Thursday, February 24, 2011

On the Maltese immigrants in North Africa

The country of Malta has had many representations. Most recently, after its accession to the European Union in 2004 and to the Eurozone in 2008 while it became a major transit point and inadvertant destination for migrants, it has been imagined as a destination for migrants, perhaps peculiarly vulnerable owing to its small size and relatively tenuous economic state and national identity. Malta, as represented in the press, might be a beseiged battlement of Fortress Europe, located perilously close to the North African coast.

That's not the only way it's been seen. In fact, this time last century the situation was precisely the reverse. As small islands sometimes overpopulated relative to the productive capacity of their once-agricultural/military-driven economy part of the British global empire, from the mid-19th century on Malta experienced massive emigration, tens after tens of thousands of Maltese emigrants making their way throughout the British Empire and later Commonwealth and beyond. Some settled in Canada, for instance, the nucleus of the Maltese-Canadian community (as described by Shawn Micallef) lying here in Toronto just a couple of subway stops to the west of my home beyond its eventual dispersal. Many Maltese chose not to leave home so far behind and instead immigrated to French North Africa, to the Algeria colonized since 1830 and the Tunisia made a protectorate from 1881. There, Maltese immigrants came to play critical roles in the colonization of North African territories at a time when population pressures in Europe made the organized settlement of the southern rim of the Mediterranean Sea by Europeans seem a sensible idea.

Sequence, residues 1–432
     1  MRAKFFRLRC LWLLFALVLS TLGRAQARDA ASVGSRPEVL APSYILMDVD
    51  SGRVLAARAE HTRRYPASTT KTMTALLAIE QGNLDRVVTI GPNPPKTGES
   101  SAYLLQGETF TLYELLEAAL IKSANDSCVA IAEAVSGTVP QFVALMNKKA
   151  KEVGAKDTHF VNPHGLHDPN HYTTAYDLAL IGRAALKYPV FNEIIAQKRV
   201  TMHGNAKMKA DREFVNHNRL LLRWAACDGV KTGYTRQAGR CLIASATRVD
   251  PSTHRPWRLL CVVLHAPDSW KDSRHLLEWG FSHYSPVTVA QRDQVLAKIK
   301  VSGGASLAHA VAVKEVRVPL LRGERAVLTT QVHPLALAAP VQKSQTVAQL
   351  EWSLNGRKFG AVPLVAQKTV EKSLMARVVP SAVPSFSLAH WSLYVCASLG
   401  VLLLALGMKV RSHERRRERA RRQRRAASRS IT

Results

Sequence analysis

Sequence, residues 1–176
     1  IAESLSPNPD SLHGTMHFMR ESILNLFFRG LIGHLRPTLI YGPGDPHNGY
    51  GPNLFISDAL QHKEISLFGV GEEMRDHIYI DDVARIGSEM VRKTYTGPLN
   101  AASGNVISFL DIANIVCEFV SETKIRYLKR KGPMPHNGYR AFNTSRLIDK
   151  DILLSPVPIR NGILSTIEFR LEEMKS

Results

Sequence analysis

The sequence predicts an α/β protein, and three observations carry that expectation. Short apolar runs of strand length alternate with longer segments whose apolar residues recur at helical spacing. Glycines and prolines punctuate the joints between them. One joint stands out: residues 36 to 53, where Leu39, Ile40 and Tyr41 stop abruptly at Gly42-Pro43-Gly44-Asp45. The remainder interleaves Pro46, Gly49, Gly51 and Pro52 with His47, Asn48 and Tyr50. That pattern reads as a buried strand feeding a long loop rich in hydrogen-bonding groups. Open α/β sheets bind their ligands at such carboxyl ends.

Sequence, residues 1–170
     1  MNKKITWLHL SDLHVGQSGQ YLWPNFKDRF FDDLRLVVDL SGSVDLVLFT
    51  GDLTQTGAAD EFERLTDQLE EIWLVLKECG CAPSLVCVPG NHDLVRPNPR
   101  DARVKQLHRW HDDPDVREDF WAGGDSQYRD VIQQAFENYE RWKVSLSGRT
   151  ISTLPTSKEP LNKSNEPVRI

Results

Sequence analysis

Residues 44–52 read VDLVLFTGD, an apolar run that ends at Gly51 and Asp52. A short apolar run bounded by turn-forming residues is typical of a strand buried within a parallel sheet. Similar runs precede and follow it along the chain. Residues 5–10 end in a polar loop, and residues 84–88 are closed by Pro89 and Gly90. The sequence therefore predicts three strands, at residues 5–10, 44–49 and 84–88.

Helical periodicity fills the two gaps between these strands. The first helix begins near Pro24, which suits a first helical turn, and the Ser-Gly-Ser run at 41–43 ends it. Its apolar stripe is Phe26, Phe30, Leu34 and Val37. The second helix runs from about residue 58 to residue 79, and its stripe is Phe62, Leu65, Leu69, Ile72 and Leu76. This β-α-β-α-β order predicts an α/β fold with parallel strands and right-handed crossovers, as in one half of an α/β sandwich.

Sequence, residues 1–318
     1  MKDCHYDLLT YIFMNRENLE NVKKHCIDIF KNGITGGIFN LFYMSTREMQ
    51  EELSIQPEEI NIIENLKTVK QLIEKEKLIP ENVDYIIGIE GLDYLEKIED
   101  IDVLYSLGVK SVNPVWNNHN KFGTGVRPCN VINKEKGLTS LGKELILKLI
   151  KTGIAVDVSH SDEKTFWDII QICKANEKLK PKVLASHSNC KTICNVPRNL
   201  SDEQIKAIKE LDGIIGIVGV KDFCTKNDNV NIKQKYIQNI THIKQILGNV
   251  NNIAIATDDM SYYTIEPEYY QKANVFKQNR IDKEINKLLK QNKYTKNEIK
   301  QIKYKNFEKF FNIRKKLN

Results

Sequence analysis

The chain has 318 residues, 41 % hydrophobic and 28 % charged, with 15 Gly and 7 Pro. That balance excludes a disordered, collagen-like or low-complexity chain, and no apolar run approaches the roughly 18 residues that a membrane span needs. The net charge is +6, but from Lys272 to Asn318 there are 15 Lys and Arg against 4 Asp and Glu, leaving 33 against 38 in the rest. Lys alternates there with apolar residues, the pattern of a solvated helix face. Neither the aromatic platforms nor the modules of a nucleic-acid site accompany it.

Algeria was for many years the most important country for Maltese migration within the zone of the Mediterranean. Under various aspects it was also the most successful and statistics show that by the middle of the nineteenth century more than half of Malta's emigrants had chosen Algeria as their country of residence. Although the French conquest had began in 1830, some Maltese had found their way to the area around the city of Constantine before the French connection had began. In 1834 a French governor for North Africa had been appointed, and as the French consolidated their foothold on Algerian territory, Europeans followed the French tricolor. Among the Europeans the Maltese were one of the largest groups, being outnumbered only by Spaniards and Sicilians.

Like all newcomers, the Maltese in Algeria did at first encounter hostility from the French. Continental Europeans looked down on other Europeans who came from the islands such as the Sicilians and the Maltese. It is true to admit that most insular Europeans were poor and illiterate. Some did have a criminal record and were only too ready to carry on with their way of life in other parts of the Mediterranean where their names were not publicly known.

French official policy was dictated by sheer necessity. France was a large and prosperous country. Its population was not enormous and many French peasants were quite happy with their lot. If the French needed colonists to make their presence permanent they had to turn to other sources to obtain their manpower. The French Consul in Malta was in favour of encouraging Maltese emigrants to settle in Algeria. He believed that the Maltese showed a distinct liking for France and the French. Although the Maltese under the British, they were not politically active and the French could accept them without any fear.

Another important man who favoured Maltese emigration to North Africa in general and to Algeria in particular was the prominent French churchman, Cardinal Charles Lavigeric who had dreams of converting the Maghreb back to Christianity. Lavigerie saw North Africa in historical terms as he was professor of Church history. He founded a religious order which was . commonly called "The White Fathers" with scope of spreading Christianity among the .Berbers and the Arabs. Cardinal Lavigerie was archbishop of Carthage and Algiers. In 1882 Cardinal Lavigerie visited Malta. He immediately appreciated the Catholic fervour of the islanders. During his stay he talked of the Maltese as providential instruments meant to augment the Christian population of French North Africa. He saw the Maltese as loyal to France and to the Catholic Church and at the same time as being eminently useful in building some form of communication with the Arab masses.

[. . .]